Saint Louis University boasts a second campus in Madrid. Students from the home campus generally study in the spring of their sophomore year or fall of their junior year, although some exceptions may apply.
According to SLU Study Abroad Counselor Margaret Kessler, nearly 300 students from SLU are currently in Madrid for the Spring 2016 semester; more than 175 have applied for the Fall 2016 semester in Madrid. By comparison, only about 80 students have applied for non-Madrid programs for next fall. Most of these applicants are interested in Ireland, Australia and Rome, although other destinations have a smattering of applicants.
“I think Ireland’s one of our highest [programs] that we have right now; we have, like, 19 applicants for that program,” Kessler said. “Australia’s another popular one; I think we have 14 students for that one. I would say the average for all of our programs, though, is probably around two or three applicants [each], with the exception of Ireland, Australia and Rome.”
Regarding SLU Madrid’s popularity, there exists the notion—among Madrid and non-Madrid students alike—that Madrid is attractive because classmates will be along for the ride, and credits transfer directly back home. Junior Mike Michler made his decision to study in Madrid for the Fall 2015 semester. He said that going to Madrid was an easy option, “because I knew people (going there). I didn’t have to deal with any transfer stuff.”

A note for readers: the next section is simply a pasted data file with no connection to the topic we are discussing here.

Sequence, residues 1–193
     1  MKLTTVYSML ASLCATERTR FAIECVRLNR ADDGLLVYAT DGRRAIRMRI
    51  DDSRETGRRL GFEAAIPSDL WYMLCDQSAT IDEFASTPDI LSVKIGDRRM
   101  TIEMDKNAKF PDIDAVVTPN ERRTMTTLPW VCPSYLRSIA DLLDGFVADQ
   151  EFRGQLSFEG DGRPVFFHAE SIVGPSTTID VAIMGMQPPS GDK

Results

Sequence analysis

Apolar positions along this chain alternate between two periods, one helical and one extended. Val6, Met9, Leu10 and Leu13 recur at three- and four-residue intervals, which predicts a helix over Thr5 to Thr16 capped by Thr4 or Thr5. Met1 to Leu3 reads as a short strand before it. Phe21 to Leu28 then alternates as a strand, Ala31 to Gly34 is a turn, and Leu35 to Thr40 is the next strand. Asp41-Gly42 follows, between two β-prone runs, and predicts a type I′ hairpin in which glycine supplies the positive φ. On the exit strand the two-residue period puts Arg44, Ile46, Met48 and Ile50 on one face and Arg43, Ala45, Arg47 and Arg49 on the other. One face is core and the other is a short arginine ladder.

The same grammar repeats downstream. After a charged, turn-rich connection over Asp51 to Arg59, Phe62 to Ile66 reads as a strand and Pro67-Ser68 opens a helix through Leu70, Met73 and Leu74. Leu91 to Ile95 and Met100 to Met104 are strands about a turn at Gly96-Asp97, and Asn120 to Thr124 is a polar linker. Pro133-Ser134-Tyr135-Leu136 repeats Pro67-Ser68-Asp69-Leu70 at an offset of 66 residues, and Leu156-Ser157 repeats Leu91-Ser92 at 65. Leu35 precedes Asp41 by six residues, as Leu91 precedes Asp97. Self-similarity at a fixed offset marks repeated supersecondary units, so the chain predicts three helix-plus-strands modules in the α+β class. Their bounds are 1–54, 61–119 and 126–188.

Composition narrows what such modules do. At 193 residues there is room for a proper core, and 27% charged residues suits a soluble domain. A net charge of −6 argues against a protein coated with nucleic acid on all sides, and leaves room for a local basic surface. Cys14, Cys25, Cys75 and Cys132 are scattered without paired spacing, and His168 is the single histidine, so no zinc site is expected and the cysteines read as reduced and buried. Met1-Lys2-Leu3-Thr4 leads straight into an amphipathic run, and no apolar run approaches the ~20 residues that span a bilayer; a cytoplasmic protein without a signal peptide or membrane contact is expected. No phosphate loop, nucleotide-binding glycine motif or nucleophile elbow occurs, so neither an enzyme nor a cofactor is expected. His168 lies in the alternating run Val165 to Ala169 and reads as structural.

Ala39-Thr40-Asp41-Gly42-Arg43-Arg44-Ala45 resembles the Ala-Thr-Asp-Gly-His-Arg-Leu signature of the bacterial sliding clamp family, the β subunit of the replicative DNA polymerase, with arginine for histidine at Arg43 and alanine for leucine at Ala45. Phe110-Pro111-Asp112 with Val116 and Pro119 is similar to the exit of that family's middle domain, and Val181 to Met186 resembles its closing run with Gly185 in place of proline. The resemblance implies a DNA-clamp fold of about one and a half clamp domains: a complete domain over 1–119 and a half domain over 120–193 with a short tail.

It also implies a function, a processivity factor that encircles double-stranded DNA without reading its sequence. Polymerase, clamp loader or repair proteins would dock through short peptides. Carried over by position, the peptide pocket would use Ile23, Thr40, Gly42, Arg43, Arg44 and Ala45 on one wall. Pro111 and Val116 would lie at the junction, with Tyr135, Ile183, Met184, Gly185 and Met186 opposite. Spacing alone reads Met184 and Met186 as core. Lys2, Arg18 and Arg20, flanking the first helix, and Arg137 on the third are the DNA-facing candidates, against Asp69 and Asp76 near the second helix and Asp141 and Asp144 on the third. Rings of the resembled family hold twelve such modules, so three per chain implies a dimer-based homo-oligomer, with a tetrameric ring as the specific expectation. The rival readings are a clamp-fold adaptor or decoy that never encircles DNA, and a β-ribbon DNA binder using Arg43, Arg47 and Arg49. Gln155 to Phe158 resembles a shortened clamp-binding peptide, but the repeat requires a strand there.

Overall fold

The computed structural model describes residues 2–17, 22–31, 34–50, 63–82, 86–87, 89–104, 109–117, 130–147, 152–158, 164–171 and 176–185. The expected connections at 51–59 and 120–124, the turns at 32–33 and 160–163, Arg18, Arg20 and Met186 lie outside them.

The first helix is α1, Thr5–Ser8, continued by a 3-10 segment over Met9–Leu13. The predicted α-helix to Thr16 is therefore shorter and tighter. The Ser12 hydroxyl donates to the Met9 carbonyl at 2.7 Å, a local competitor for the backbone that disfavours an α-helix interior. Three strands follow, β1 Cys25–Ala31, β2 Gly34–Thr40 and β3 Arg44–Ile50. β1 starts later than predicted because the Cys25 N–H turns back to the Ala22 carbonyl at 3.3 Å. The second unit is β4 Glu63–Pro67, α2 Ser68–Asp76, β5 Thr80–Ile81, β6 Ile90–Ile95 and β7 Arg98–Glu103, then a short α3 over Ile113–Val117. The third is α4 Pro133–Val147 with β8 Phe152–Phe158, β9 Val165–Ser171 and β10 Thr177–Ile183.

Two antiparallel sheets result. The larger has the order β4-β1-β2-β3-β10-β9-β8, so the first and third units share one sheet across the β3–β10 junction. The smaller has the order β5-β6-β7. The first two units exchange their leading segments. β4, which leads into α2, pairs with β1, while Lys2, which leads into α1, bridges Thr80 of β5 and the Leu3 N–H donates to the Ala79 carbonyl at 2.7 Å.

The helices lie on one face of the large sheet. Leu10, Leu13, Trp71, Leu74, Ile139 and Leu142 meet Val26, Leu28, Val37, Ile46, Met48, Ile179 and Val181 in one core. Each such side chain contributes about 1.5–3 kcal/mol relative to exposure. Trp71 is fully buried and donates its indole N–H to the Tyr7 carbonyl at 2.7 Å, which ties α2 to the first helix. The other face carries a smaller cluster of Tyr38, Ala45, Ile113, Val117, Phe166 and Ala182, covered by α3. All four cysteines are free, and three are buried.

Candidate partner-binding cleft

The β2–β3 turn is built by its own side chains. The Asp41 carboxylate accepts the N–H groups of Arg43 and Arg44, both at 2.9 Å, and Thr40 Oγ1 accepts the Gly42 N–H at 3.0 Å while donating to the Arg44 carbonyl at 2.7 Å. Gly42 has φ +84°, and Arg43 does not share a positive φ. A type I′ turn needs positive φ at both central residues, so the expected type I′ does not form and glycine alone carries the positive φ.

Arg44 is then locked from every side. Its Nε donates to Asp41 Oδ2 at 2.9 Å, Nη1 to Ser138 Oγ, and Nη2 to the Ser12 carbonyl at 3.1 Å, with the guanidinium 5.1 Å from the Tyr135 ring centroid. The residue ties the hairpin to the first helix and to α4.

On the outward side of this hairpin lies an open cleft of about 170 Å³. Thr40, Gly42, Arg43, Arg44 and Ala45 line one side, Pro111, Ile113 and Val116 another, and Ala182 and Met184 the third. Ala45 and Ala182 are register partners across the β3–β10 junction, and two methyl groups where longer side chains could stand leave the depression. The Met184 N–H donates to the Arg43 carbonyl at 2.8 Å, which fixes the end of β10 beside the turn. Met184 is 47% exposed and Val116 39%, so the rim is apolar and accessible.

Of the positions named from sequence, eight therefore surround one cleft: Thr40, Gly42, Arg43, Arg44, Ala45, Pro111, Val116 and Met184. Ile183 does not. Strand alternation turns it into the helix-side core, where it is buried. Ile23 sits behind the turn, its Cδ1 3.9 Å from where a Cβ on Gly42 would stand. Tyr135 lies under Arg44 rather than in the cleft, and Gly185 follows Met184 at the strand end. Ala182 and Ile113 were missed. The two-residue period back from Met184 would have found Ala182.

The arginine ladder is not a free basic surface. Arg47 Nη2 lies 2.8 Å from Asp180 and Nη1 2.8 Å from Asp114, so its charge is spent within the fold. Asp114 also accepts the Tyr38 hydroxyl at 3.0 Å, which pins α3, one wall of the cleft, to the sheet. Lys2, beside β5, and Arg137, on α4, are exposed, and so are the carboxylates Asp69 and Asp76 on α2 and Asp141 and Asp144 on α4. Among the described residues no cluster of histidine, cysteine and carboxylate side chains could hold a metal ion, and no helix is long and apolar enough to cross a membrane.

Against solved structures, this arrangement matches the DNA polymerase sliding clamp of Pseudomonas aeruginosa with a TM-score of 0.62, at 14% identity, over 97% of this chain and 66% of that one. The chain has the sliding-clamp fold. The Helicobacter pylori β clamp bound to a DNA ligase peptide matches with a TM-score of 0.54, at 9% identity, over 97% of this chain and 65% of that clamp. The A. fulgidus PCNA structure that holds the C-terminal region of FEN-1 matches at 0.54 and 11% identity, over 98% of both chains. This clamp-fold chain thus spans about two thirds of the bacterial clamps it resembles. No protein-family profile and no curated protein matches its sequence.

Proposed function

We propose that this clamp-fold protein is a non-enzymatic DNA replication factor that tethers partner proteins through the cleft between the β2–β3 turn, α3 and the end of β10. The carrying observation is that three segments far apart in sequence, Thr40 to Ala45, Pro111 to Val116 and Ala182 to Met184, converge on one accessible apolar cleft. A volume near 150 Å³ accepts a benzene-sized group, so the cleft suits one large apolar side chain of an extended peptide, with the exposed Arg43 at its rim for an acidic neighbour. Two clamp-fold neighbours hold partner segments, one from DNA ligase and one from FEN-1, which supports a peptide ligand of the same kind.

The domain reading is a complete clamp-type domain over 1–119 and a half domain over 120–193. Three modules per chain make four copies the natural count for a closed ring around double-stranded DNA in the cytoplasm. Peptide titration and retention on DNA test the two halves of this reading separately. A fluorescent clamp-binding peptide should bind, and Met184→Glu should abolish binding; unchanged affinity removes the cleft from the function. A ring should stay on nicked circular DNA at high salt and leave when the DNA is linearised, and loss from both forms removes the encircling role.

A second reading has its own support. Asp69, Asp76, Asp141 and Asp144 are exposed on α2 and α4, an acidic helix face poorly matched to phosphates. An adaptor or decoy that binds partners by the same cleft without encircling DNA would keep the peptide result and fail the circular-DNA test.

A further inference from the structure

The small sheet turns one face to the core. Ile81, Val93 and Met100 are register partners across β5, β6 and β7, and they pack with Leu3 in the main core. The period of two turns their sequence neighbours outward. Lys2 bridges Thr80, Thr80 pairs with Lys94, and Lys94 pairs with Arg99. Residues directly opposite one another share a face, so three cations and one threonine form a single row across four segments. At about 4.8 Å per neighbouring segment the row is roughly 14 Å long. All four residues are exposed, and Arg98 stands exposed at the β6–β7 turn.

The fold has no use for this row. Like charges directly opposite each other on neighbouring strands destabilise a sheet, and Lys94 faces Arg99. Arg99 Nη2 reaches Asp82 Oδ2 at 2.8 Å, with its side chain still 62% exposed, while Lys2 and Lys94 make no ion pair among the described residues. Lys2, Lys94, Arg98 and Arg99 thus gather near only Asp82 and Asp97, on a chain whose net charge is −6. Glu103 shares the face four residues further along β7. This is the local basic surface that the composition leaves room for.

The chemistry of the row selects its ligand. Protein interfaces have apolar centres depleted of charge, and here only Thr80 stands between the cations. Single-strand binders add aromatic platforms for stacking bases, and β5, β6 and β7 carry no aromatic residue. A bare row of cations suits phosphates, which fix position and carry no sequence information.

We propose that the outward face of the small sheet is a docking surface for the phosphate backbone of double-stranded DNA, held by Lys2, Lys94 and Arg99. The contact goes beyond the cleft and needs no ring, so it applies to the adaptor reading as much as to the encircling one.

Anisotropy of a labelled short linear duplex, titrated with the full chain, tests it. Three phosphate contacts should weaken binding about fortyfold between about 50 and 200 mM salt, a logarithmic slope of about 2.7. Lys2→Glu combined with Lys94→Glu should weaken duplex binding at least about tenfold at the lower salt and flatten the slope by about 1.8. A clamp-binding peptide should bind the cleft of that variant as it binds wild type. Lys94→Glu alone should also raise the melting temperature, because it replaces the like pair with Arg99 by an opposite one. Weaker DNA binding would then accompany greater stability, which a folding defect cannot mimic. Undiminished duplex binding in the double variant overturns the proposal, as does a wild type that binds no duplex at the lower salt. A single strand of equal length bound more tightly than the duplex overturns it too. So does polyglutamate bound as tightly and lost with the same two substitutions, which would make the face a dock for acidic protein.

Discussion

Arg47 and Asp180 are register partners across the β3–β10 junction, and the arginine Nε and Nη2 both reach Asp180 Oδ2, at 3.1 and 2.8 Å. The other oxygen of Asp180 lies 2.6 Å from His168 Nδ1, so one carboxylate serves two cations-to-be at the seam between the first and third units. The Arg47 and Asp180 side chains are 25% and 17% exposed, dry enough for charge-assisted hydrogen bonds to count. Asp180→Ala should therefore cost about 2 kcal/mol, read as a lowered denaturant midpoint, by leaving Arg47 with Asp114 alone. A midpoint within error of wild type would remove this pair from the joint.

Junior Abby Parra had an idea before coming to SLU that she wanted to study abroad, preferably in London, where she ended up for the Spring 2015 semester. She ultimately decided against Madrid “because it was the easy way to go,” although she said Madrid is known as a “phenomenal” study-abroad program.
Madrid does have some restrictions that certain majors face, for study-abroad opportunities. Engineering and nursing students, for instance, must go to Madrid if they study abroad to ensure that they will complete specific coursework at a SLU campus.“[The only study abroad option] I could do was Madrid in the spring of my sophomore year,” said junior engineering student Michael Sullivan. “If I had the option, I would have definitely looked at other places [Ireland and Italy], but I knew I could only do Madrid.”
Kessler, one of two counselors who advises non-Madrid students specifically, echoed Sullivan. “What’s great about the Madrid campus is that so many students, depending on what their major is, can study abroad there,” he said. “So our engineering and nursing students … have that opportunity.”
The Madrid campus is convenient and SLU-owned, but students did not feel that SLU unfairly promoted Madrid. Michler said he didn’t feel pushed one way or the other; and Parra said she put more pressure on herself, to try Madrid, than the Study Abroad Office ever applied.
Junior communication student Justin Seaton took advantage of his own program’s flexibility to look beyond Madrid. “I thought that I was lucky enough to have a major that was pretty loosely structured, so I wasn’t confined to just going to Madrid, which I know a lot of people were,” he said. “So I felt like I should take advantage of that.”